Paycheck Protection Program (PPP)
Loan forgiveness information
Many businesses are relieved to have received PPP funds but are now concerned they may not receive forgiveness. The two primary causes for concern are: 1) not using the loan proceeds properly, and 2) not documenting the correct use of funds adequately. These are common concerns, and we are here to help. Whereas we have received some guidance and information from the SBA and US Treasury Department, we await finalized guidelines. While we wait for the final rules, we wanted to help by sharing what we know now.
Please keep in mind that the information contained in this article is based on our current understanding. Even though we will be updating you with other PPP-related information as it because available, we ask that you do not solely rely on this information to make your financial decisions. It is best for you to engage legal counsel and advice from CPAs and other financial professionals.
How Does Forgiveness for PPP Loans Work? Below are the three primary source documents that summarize the entire program.
- The CARES Act
- The SBA’s PPP Interim Final Rule
- Supplement to the Interim Final Rule for self-employed borrowers
- Apply Now
In summary, once your business is approved for the loan, the lender has 10 days to send you the money. All loan proceeds spent in the first eight weeks from the date that the money was distributed are eligible to be forgiven as long as they are used for approved expenses. To be fully forgiven, a minimum of 75% of the loan amount must be spent on payroll, and a maximum of 25% may be spent on utilities and business lease, rent, or mortgage payments.
Sometime after the eight-week period has passed, the lender will allow the borrower to apply for forgiveness. The lender will have up to 60 days to respond to the request for forgiveness. Because all principal and interest payments are deferred for the borrowers for the first six months, any unforgiven loan balances will be termed out for a period of 18 months at a 1% simple interest rate.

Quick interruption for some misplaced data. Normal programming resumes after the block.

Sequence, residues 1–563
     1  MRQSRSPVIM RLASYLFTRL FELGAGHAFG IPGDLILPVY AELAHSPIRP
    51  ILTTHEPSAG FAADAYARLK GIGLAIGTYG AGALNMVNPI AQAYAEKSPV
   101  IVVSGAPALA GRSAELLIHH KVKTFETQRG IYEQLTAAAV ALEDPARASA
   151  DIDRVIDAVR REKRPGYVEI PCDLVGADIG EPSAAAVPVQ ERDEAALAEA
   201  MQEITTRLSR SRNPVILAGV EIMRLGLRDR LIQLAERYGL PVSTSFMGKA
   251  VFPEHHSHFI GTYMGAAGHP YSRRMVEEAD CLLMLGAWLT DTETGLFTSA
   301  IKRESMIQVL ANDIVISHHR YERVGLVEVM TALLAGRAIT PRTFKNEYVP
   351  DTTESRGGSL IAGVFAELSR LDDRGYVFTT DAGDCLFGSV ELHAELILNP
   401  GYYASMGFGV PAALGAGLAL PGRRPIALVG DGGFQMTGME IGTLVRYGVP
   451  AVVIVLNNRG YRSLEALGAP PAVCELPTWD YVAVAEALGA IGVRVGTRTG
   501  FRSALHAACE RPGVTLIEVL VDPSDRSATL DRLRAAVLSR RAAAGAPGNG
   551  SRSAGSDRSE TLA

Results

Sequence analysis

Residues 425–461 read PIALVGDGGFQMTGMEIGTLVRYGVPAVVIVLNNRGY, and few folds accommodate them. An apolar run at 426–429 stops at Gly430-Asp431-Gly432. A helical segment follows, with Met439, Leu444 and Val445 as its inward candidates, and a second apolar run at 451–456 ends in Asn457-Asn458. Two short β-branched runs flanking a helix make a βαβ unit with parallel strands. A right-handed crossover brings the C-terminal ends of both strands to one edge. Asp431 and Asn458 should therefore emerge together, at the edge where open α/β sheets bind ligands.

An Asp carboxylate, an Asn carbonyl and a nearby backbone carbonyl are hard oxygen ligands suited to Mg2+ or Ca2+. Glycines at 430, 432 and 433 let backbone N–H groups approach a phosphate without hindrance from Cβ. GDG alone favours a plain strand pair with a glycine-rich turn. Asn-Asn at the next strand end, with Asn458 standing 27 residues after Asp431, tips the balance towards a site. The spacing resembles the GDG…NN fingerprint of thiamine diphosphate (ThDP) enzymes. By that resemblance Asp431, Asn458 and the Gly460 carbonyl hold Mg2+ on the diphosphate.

What Documentation Is Needed to Apply for Forgiveness?
We advise all businesses to carefully and transparently document their PPP loan uses—both for use during the forgiveness application, but also for the future in case the government decides to audit any past borrower. The SBA does not accept stories, explanations, or excuses—only evidence. The CARES Act states that borrowers applying for forgiveness must submit documentation verifying the number of FTE employees on payroll and pay rates for the periods, including:
- Payroll tax filings reported to the Internal Revenue Service; and
- State income, payroll, and unemployment insurance filings;
- Documentation, including canceled checks, payment receipts, transcripts of accounts, or other documents verifying payments on covered mortgage obligations, payments on covered lease obligations, and covered utility payments.
- A certification (stating) that—
- The documentation presented is true and correct; and
- The amount for which forgiveness is requested was used to retain
employees, make interest payments on a covered mortgage obligation,
make payments on a covered rent obligation, or make covered utility
Forgiveness Includes Employment Taxes
The SBA stated, “Under the [CARES] Act, payroll costs are calculated on a gross basis without regard to (i.e., not including subtractions or additions based on) federal taxes imposed or withheld, such as the employee’s and employer’s share of Federal Insurance Contributions Act (FICA) and income taxes required to be withheld from employees. As a result, payroll costs are not reduced by taxes imposed on an employee and required to be withheld by the employer, but payroll costs do not include the employer’s share of payroll tax.”
For example, an employee who earned $4,000 per month in gross wages, from which $500 in federal taxes was withheld, would count as $4,000 in payroll costs. The employee would receive $3,500, and $500 would be paid to the federal government. However, the employer-side federal payroll taxes imposed on the $4,000 in wages are excluded from payroll costs under the statute.
Premier Business Lending is doing our part staying abreast to the new PPP loans coming to fruition as we speak. If you would like more information on the PPP loan, please do not hesitate to reach out and speak to a finance consultant who will happily answer any questions you may have.
Apply for your PPP Loan now: APPLY FOR MY PPP LOAN
Premier Business Lending cannot provide legal, tax, or accounting advice. You should consult your own counsel, accountant and other advisors to evaluate your individual facts and circumstances in connection with your PPP loan and the forgiveness process.